Activity Introduction

Quick summary: Retired AFL star Adam Goodes is known to many for his resilient journey in the face of detrimental treatment by AFL spectators and the media beginning in 2013.

In this lesson, students use Peggy McIntosh’s ‘Invisible Knapsack’ to identify the impacts of white privilege. They work collaboratively to analyse how these impacts are explored in a range of clips from the documentary The Final Quarter considering the stories of Aboriginal and Torres Strait Islander peoples and others. Students begin to transfer their skills by independently reading and analysing a written text. They then work collaboratively to consider the context and ideas within the texts they have explored. The final reflection is generative, allowing students to synthesise their existing knowledge and consider further areas for research or exploration.

Note: Talking about white privilege can be extremely uncomfortable for some people because it is an unfamiliar concept to many Australians. White privilege is structural and as such may not be recognised by those who hold it. The teacher notes provide resources to deepen your understanding of white privilege, and responding to discomfort, and it is recommended that students complete The Final Quarter – What is Privilege? – English – Year 10 prior to the other lessons in this unit. 

Using only archival footage aired at the time, The Final Quarter holds a mirror to Australia and is an opportunity to reconsider what happened on and off the football field. Learn more about the film here.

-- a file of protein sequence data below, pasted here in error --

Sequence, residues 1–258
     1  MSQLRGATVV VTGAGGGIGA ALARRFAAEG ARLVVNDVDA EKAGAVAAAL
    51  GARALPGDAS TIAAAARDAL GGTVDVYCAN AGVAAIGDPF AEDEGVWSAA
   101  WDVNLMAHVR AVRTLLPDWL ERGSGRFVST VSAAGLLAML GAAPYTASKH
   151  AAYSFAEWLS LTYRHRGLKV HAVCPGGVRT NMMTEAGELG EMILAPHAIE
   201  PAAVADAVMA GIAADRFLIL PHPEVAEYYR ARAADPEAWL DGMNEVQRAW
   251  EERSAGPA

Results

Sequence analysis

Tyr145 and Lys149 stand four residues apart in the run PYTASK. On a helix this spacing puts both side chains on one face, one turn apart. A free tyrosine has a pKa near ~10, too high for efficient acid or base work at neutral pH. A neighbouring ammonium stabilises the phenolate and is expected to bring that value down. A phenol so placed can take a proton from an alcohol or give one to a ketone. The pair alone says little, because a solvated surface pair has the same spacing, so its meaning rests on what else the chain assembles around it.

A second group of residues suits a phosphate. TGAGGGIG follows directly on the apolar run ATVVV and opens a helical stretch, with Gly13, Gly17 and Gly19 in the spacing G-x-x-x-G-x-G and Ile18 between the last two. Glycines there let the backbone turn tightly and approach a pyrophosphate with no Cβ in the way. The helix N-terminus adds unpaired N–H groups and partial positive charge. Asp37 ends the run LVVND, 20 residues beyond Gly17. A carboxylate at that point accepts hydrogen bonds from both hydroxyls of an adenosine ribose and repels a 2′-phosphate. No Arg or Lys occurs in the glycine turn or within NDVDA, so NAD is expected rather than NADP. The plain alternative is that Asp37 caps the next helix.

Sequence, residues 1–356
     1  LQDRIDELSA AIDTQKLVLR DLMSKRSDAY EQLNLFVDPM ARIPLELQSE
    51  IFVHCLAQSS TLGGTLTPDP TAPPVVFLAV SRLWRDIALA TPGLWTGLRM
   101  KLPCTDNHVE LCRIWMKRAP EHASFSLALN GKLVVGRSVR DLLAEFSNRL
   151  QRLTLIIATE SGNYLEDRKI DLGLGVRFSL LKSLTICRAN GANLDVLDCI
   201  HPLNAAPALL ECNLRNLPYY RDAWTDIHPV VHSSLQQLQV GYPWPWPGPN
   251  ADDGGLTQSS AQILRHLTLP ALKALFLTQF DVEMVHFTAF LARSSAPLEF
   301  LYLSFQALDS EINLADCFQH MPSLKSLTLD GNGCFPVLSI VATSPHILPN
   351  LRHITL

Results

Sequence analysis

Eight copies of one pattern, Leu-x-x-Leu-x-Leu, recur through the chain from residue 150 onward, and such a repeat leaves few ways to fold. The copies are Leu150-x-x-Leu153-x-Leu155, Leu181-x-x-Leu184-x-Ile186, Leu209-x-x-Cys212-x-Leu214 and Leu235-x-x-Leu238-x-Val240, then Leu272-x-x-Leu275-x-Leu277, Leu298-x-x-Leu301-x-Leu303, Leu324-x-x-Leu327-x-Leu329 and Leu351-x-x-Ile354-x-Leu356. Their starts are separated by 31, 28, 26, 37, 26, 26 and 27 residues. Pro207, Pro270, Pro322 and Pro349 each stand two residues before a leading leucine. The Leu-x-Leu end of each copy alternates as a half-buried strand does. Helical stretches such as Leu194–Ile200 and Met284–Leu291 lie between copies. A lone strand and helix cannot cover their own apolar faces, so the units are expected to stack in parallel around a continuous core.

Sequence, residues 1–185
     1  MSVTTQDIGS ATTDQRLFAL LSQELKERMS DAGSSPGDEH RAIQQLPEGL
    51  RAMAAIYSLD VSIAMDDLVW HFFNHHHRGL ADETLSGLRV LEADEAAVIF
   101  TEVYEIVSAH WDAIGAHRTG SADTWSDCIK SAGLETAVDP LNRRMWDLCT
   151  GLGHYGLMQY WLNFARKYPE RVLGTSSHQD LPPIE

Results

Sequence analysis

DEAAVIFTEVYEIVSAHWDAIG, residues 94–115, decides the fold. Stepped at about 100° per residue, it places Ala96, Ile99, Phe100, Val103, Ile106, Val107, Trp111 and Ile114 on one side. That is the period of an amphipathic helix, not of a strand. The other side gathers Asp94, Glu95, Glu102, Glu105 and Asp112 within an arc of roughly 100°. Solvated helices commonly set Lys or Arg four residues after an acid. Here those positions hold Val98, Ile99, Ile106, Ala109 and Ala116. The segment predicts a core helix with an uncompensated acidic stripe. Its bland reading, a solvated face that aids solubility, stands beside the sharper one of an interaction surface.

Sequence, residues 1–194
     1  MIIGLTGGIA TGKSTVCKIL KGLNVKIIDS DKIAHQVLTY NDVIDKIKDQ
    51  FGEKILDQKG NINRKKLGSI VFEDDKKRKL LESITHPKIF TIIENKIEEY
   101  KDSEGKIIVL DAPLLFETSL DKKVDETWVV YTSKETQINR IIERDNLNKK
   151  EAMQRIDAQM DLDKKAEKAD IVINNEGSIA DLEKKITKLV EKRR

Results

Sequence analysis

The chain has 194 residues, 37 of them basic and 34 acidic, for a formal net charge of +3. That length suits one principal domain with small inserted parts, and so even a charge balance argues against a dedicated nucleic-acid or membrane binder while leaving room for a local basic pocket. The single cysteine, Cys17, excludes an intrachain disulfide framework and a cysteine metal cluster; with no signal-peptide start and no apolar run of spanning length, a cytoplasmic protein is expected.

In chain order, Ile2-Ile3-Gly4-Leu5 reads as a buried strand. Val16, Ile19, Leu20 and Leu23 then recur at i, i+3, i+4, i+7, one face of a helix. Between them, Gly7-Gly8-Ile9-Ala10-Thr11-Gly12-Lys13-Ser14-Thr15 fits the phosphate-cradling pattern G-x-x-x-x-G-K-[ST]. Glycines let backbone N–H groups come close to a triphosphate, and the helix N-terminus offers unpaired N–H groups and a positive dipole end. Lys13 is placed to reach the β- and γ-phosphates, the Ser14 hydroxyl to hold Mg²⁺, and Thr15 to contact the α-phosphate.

We highly recommend that students view the film in its entirety before participating in subsequent lessons. Our Watching the Film lessons are designed to support you in facilitating this process. Given the content, it is also important for teachers to communicate with parents and guardians of Aboriginal and Torres Strait Islander students before playing the film and/or engaging with the teaching and learning resources. 

Note: This film may not be suitable for viewing by all young people. Teachers are advised to use their discretion when deciding whether to show this film. If teaching in a context with a high proportion of Aboriginal and Torres Strait Islander children, it is imperative that guidance is sought from the Principal and Aboriginal Education Officer (or equivalent) prior to screening the film.

Learning intentions:

  • Students understand the hidden mechanisms of white privilege.
  • Students understand the experiences of those who do not experience white privilege.
  • Students understand that texts present both the spoken and unspoken values of authors.

21st century skills: 

CommunicatingDigital LiteracyEmpathyEthical UnderstandingSocial SkillsTeam Work

Australian Curriculum Mapping

Content descriptions: 

Year 10 English:

  • Evaluate the social, moral and ethical positions represented in texts (ACELT1812)
  • Identify and analyse implicit or explicit values, beliefs and assumptions in texts and how these are influenced by purposes and likely audiences (ACELY1752)
  • Analyse and evaluate how people, cultures, places, events, objects and concepts are represented in texts, including media texts, through language, structural and/or visual choices (ACELY1749)

Syllabus outcomes: EN5-7D, EN5-8D